β2-Adrenoceptor gene polymorphisms and blood pressure variations in East Anglian Caucasians


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Abstract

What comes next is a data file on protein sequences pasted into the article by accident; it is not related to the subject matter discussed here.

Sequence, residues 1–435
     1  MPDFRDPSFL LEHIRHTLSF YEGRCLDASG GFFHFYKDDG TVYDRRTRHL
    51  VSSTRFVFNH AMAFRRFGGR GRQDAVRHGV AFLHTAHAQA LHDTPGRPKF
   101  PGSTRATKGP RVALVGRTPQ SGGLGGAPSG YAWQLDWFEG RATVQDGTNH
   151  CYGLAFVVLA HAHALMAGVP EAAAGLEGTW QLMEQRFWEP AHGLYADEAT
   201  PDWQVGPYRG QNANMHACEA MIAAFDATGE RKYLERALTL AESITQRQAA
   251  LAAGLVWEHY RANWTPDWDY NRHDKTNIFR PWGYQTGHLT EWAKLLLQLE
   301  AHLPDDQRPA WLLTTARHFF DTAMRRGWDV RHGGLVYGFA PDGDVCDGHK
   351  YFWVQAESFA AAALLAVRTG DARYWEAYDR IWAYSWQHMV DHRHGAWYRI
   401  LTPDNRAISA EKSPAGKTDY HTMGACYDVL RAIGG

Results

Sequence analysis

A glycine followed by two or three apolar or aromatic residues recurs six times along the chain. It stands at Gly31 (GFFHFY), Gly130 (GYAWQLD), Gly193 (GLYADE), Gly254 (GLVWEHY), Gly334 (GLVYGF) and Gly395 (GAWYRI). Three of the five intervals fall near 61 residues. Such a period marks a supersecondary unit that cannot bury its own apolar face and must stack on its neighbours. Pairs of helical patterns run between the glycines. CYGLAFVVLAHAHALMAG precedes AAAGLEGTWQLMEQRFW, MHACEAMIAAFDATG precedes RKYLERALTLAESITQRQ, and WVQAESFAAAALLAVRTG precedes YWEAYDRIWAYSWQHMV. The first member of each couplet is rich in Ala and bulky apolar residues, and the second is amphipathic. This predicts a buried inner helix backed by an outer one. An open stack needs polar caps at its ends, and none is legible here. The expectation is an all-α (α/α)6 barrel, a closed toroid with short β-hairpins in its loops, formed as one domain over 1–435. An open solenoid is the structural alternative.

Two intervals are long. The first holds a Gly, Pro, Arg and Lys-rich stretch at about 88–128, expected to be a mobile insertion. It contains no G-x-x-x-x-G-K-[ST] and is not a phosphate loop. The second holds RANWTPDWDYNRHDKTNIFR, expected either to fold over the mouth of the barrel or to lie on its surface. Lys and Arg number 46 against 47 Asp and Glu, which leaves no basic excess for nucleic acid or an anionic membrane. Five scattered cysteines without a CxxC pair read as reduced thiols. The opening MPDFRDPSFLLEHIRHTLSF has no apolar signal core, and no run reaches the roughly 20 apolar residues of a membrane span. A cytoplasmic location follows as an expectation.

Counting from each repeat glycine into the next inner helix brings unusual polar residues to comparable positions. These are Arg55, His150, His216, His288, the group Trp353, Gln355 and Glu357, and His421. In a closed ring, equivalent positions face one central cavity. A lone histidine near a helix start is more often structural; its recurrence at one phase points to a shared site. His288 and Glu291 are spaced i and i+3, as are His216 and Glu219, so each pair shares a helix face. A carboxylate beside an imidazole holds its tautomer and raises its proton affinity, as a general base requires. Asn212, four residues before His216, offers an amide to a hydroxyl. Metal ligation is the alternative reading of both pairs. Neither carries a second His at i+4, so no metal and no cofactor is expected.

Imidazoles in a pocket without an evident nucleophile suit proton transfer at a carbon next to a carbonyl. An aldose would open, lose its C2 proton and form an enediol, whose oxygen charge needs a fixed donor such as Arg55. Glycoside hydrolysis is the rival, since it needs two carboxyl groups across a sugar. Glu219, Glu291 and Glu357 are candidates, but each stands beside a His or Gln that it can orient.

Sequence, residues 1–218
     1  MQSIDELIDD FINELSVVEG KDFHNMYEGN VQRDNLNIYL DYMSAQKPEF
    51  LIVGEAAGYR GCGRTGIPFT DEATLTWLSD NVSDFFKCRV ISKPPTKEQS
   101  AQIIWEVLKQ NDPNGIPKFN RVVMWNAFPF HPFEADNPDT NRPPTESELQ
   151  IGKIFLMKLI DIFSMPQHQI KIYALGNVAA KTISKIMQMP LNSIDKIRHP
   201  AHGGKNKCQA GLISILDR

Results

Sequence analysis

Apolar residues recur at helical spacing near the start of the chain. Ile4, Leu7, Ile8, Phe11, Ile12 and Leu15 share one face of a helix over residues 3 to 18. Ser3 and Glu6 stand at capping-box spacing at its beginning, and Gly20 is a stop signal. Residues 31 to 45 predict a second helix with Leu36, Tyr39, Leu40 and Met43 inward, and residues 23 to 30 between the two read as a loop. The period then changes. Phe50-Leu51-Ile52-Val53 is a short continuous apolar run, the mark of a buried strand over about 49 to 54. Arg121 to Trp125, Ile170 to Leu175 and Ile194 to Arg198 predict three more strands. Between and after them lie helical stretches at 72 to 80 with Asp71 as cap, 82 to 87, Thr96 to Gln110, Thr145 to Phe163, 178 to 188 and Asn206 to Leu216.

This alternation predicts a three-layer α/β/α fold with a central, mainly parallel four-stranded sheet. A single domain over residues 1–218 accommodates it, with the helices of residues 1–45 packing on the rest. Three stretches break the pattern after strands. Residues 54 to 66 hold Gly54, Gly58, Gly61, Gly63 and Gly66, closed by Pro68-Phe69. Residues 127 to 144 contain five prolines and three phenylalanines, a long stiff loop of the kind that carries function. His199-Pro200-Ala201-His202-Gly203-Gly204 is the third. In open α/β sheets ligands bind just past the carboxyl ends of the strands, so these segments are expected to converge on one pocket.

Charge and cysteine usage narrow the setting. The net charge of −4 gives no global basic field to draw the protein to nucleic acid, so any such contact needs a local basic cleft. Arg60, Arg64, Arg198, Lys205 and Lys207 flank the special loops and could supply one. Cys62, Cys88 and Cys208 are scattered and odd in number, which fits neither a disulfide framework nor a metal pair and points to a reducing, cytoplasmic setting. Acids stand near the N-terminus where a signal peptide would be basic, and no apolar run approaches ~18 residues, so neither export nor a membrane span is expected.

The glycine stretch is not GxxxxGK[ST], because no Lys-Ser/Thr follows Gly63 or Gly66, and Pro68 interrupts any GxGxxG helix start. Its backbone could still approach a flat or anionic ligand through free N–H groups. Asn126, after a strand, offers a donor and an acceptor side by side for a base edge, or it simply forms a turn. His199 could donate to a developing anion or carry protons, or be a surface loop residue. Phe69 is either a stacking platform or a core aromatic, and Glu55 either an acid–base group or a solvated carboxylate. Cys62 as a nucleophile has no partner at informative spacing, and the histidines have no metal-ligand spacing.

ObjectiveThe amino-terminal polymorphisms, Arg16Gly and Gln27Glu, of the β2-adrenergic receptor (β2AR) have been shown to affect regulation of the receptor expression by an agonist in cell culture studies. The Arg16Gly polymorphism has also been recently shown to be associated with essential hypertension. We therefore evaluated whether the amino-terminal polymorphisms of β2AR are associated with hypertension in a Caucasian population.Subjects and methodsWe performed an association study in 298 hypertensive patients and an equal number of age-matched normotensive controls from the East Anglian region, with blood pressure assessed categorically and quantitatively. We also examined the influence of the amino-terminal polymorphisms on blood pressure response to β-blockade in 144 of the patients randomly assigned to this class of drug. Genotyping of the Arg16Gly polymorphism was undertaken by a newly designed mismatched polymerase chain reaction (PCR) and digestion with Nde I, whereas the Gln27Glu polymorphism was genotyped by PCR followed by Fnu4H I cleavage.ResultsWe found no differences in the genotype or allele frequencies of the β2AR polymorphisms between hypertensive and normotensive participants. There was also no association between the β2AR genotypes and variations in either basal blood pressure or the blood pressure response to a β-blocker.ConclusionThese findings suggest that the amino-terminal polymorphisms of the β2AR gene are unlikely to constitute major susceptibility for essential hypertension in the East Anglian population.

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